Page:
Saturday, October 15, 2016

The other side of the income gap

A large company I worked at for many years was making a big effort to have women take promotions, including giving them an advantage over men.  Many women took advantage of this, but many did not. I spoke with one of the analysts who was tracking the reasons women gave for not promoting. The analyst told me that most women said they were happy where they were, they didn’t want the extra stress, and/or it was up to their husbands to make more money.

This was consistent with what I had heard from female co-workers over the years. There were many times I would hear women complain about how they needed more money, but their "lazy” husbands would not get better jobs. Every time I heard this I suggested that she promote, and I reminded her that our employer was bending over backward to help women get promotions. And in every case, the conversation went something like what follows:

Me: Why don’t you promote?
She: I don’t want to promote. I like my job. I’m happy where I am.
Me: Maybe your husband is happy where he is.
She: But he should want to promote. He should take pride in promoting because it’s part of his self-esteem.
Me: Promoting could increase your pride as well, and help your self-esteem.
She: My self-esteem comes from taking care of myself. I care about my health and don’t want to shorten my life with a stressful job.
Me: Maybe your husband wants to avoid stress too. Maybe he cares about his health just as much as you care for yours.
She: But he should be able to handle the stress. He should want to take on the challenge.
Me: From what you told me your husband is resisting your pressure to promote. That should tell you something about his wishes.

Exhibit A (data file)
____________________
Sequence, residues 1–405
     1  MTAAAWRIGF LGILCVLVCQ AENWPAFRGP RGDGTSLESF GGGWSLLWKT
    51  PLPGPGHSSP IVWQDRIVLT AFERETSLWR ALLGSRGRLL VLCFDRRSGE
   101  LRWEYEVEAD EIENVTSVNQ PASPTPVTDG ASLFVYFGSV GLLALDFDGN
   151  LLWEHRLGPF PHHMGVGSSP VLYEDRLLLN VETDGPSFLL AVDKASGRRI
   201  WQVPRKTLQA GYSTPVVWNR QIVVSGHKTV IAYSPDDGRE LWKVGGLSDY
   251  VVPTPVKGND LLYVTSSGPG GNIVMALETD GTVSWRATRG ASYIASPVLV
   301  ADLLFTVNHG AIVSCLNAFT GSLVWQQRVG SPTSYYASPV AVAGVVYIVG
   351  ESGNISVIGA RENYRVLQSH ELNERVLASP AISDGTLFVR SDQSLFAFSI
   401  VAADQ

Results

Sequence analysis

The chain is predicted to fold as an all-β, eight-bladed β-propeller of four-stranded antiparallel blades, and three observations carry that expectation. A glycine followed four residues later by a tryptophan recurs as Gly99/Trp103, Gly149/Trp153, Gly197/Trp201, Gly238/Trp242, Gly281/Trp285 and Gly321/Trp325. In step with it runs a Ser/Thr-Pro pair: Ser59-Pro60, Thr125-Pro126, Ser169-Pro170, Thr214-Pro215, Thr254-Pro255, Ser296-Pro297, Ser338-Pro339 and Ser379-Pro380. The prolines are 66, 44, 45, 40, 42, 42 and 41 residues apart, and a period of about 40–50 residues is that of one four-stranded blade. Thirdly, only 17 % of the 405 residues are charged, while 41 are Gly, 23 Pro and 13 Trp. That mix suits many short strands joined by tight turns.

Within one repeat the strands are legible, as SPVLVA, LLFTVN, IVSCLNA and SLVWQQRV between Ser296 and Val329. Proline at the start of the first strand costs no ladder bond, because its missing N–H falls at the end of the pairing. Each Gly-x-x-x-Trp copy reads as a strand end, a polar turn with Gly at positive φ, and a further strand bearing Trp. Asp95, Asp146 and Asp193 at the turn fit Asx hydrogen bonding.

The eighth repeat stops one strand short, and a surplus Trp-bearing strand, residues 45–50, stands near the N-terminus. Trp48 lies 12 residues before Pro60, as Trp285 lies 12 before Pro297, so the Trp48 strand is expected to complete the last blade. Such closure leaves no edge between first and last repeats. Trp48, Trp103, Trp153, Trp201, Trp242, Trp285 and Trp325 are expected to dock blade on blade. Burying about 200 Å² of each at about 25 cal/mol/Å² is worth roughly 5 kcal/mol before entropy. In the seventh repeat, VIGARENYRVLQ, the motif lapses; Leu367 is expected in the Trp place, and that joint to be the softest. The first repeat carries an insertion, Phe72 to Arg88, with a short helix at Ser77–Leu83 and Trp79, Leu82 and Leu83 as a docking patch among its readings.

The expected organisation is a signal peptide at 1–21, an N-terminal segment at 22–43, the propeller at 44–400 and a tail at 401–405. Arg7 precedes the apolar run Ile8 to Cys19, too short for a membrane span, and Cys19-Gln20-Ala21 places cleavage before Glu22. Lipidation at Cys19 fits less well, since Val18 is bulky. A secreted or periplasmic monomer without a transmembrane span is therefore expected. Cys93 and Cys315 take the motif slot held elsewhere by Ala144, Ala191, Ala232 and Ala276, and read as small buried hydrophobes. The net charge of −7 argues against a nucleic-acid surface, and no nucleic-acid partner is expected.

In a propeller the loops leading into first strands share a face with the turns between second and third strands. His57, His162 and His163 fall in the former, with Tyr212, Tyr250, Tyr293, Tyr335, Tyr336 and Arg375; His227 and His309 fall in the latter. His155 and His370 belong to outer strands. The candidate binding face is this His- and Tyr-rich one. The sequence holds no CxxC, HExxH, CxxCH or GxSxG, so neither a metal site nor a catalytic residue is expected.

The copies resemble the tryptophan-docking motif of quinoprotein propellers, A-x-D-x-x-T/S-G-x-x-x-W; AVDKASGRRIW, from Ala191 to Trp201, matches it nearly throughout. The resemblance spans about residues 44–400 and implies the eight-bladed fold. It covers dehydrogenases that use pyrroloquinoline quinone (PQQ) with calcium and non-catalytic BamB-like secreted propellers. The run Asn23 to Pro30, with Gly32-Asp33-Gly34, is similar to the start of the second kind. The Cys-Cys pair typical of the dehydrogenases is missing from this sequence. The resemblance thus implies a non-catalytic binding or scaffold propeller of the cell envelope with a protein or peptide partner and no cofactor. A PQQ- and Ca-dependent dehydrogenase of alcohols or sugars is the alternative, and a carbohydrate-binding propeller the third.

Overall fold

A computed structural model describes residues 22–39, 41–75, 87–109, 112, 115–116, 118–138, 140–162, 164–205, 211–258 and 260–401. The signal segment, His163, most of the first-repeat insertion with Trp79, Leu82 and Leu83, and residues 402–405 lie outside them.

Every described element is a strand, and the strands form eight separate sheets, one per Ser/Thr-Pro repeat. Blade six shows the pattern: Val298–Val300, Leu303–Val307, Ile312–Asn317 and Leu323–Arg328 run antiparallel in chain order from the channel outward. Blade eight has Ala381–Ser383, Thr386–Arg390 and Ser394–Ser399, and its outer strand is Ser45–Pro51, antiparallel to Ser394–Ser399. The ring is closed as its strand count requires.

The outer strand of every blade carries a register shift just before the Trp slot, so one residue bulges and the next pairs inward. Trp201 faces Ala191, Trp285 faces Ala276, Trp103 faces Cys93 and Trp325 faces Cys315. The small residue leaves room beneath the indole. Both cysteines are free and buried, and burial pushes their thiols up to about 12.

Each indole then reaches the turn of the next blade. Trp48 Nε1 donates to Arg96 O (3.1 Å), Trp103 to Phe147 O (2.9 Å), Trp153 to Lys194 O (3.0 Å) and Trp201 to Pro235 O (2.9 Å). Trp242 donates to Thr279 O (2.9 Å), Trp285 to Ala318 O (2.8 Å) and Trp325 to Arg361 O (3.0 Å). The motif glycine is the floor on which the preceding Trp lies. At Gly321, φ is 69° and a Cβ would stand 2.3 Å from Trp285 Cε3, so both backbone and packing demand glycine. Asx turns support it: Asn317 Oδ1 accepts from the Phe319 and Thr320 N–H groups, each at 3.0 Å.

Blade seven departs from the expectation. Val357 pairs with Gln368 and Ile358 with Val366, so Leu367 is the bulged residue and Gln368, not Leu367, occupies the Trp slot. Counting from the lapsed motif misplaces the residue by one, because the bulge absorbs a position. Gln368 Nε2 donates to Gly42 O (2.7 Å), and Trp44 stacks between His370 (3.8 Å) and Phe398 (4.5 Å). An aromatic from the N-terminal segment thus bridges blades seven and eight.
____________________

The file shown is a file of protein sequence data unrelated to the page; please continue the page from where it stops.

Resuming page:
After this the conversation usually just went into a circle, with her main points being that she doesn’t want to promote, she doesn’t have to promote, but her husband is obligated to promote. One woman even bragged that she was going to make her husband’s life miserable until he promoted. When I pointed out that it’s not nice to make a loved one's life miserable, she said it was for his own good. But from where I was sitting, it seemed like it was more for her own good. She was the one who wanted more money, and she would reap the benefit of a higher shared income while he took on the added stress.

And this is a point that rarely gets discussed. With shared income, every time the husband's paycheck increases the wife's income increases as well. They both have more money available to spend. They both have access to the same shared income.

This should also be true when the wife's paycheck increases, but from what many women have told me, this is not the case. Many women are of the belief that "her paycheck is her money, while his paycheck is their money." In other words, his paycheck is family money to be shared by both of them. But her income belongs to her, and she decides when to share it. Under these circumstances, her income is actually greater than his, even if her paycheck is smaller.

To illustrate this, let's say the husband's paycheck is $50,000 a year, while the wife's paycheck is $40,000. His paycheck is shared, resulting in all $50,000 going to joint income. But her paycheck is not completely shared. So let's say she contributes $30,000 into the family fund, raising it to $80,000. The result is that each gets $40,000 (half of $80,000) from the community fund. But she also gets an additional $10,000 from the part of her paycheck that she declines to share. The result is her overall income is $55,000, while his income is only $45,000. In other words, even though her paycheck is lower, her actual income is higher.

His paycheck = $50,000. Her paycheck = $40,000

                                 Joint Fund   His Share   Her Share
His contribution         $50,000     $25,000     $25,000   
Her contribution        $30,000     $15,000     $15,000
Her paycheck not shared                                $10,000
Total Income                                  $45,000     $55,000           

Of course, the money is not divided perfectly in half, with each taking a handful of money. Couples don't spend money that way. But that doesn't change the fact that shared income is a reality, and that greater pressure on men to be a money provider leads to higher income for women. Yet this is not reflected when statistics about relative incomes are presented.